In our book, “Reality in the Shadows,” Jim Gates, Frank Blitzer, and I take a look at the history of the Higgs particle, see the day the discovery was announced through the eyes of one of the co-authors (me), and explore what the Higgs might be besides being just another important subatomic particle.
In some future edition of the book, we can perhaps speak more definitively about the Higgs boson and the ultimate place it will take in the pantheon of human knowledge. For now, a 20-year (or longer) program of study is underway, initiated in 2012 and 2013, to map out all the properties of this fascinating particle. Discovering something is the first step. Now we must explore what we have found.
The Higgs is still veiled in shadow. We don’t know all its properties as precisely as we would like, and many we do not know at all. Could something new lurk in those unexplored crevasses of its nature? In this post, I’ll take you inside one of the shadows where light is beginning to shine, and we’ll see something of the truth and beauty of the Higgs boson.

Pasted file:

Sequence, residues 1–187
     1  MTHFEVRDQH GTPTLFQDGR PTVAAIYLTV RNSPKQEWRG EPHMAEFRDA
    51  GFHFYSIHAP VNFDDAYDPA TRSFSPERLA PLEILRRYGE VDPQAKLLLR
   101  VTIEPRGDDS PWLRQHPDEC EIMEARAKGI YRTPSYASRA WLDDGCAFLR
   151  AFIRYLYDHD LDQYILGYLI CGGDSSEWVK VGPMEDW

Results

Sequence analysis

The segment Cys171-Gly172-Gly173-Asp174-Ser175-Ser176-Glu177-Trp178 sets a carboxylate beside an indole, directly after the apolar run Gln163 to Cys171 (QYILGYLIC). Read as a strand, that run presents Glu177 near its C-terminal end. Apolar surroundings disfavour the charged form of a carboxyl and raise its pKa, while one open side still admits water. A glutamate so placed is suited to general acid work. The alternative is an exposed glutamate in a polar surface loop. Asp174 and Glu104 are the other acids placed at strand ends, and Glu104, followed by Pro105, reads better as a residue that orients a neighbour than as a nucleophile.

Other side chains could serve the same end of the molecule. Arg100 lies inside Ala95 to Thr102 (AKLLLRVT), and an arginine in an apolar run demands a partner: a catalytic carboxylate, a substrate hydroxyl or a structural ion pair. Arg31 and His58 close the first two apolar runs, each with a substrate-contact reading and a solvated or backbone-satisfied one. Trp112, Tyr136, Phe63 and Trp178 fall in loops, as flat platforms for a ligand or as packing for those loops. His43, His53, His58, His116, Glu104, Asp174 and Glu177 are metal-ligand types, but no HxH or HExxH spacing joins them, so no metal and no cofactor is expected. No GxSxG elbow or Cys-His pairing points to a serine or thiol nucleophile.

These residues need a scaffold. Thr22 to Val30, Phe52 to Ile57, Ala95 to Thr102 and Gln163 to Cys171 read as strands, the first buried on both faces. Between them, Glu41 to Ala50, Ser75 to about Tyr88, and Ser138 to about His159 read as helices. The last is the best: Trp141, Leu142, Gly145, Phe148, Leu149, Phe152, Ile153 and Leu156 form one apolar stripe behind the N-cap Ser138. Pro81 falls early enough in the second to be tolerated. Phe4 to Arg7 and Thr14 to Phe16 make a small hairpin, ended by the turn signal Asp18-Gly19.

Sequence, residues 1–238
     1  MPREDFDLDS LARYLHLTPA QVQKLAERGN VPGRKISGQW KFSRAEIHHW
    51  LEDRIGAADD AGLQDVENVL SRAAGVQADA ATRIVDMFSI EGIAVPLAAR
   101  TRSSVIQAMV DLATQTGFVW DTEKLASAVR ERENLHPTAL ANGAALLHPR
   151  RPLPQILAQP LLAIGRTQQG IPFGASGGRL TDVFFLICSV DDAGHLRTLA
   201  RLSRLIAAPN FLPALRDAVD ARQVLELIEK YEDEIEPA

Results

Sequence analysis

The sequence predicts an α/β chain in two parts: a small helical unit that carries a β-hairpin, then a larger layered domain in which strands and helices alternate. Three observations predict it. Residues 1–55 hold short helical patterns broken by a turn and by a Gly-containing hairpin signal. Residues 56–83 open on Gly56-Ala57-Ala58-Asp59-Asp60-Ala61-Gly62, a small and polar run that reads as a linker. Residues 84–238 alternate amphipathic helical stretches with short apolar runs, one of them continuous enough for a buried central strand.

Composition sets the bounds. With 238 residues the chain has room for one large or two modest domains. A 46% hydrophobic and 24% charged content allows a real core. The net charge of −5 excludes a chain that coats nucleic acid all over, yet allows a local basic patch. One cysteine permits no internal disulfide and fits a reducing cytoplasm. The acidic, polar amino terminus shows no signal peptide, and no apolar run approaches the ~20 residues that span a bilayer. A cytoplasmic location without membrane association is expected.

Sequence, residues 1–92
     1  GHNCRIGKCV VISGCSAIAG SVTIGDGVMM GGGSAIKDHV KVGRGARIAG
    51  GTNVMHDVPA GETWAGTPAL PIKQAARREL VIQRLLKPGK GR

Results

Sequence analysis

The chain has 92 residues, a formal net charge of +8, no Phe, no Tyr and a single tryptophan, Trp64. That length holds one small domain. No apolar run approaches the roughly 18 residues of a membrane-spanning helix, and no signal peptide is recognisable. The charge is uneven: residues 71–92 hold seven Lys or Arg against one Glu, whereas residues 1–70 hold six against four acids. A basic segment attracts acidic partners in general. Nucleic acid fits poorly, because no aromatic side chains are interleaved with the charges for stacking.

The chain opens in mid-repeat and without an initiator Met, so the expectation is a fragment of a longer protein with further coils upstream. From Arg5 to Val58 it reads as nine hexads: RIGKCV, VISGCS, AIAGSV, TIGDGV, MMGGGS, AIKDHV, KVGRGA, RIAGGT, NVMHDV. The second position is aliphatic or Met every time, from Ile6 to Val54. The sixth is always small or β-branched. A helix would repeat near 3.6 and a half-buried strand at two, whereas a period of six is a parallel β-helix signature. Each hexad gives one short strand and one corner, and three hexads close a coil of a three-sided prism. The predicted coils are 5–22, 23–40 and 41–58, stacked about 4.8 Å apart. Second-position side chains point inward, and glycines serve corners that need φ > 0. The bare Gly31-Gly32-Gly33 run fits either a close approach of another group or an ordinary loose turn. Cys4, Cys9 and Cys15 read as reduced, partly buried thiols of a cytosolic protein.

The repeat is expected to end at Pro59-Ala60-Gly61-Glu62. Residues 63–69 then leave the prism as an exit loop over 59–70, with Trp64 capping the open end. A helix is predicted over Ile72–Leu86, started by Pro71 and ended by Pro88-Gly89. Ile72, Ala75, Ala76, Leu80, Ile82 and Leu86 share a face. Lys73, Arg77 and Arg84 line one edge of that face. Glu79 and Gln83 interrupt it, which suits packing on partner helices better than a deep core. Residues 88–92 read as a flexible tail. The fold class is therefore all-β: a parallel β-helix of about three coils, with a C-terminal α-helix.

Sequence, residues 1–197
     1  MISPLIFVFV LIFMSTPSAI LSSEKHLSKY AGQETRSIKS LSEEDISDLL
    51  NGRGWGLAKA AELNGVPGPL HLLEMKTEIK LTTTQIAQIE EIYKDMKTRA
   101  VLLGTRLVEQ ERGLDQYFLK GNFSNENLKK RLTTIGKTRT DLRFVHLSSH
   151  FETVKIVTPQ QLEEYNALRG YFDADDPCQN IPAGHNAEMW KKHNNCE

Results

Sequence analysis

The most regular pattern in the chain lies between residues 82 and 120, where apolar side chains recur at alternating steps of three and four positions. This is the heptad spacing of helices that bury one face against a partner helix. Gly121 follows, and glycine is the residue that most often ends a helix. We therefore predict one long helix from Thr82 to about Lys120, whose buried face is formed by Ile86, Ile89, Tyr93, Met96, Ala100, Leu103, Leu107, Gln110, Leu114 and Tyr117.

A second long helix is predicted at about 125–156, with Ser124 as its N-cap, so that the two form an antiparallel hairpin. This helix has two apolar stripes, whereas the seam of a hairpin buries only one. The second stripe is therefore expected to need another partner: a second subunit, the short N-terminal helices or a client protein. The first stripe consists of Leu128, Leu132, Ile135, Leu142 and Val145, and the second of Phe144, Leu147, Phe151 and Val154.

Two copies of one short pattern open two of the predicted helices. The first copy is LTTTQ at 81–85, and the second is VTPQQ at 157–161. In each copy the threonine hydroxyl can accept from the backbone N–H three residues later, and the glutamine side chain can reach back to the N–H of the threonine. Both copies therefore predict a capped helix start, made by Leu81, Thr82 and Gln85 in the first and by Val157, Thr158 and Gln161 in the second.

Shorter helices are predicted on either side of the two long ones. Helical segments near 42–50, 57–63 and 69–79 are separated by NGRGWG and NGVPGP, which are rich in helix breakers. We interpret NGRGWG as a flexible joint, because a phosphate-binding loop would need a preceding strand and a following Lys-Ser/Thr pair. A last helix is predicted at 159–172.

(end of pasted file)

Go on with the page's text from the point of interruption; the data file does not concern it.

Plato’s “Allegory of the Cave” could almost, taken at face value, be the plot of a movie in the “Saw” series . Prisoners in a cave, born into chains and forced forever to face a single wall, know nothing of the reality of what lives behind them. A fire somewhere behind the prisoners cast shadows that play on the walls. Our poor prisoners try to make sense of the reality of the world behind them merely through interpreting these shadows, never able to turn as see the world as it truly is.
It’s has the potential to be a terrible image, but softened a bit it can be a useful metaphor for thinking about what it means to use scientific inquiry to understand the reality of the cosmos. When we discover something using scientific inquiry and describe it mathematically, is that mathematical statement one approximating reality or truly describing reality as it is?